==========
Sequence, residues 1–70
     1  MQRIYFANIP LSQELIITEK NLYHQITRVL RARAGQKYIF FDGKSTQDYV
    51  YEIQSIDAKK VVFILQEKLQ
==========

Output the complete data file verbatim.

Sequence, residues 1–70
     1  MQRIYFANIP LSQELIITEK NLYHQITRVL RARAGQKYIF FDGKSTQDYV
    51  YEIQSIDAKK VVFILQEKLQ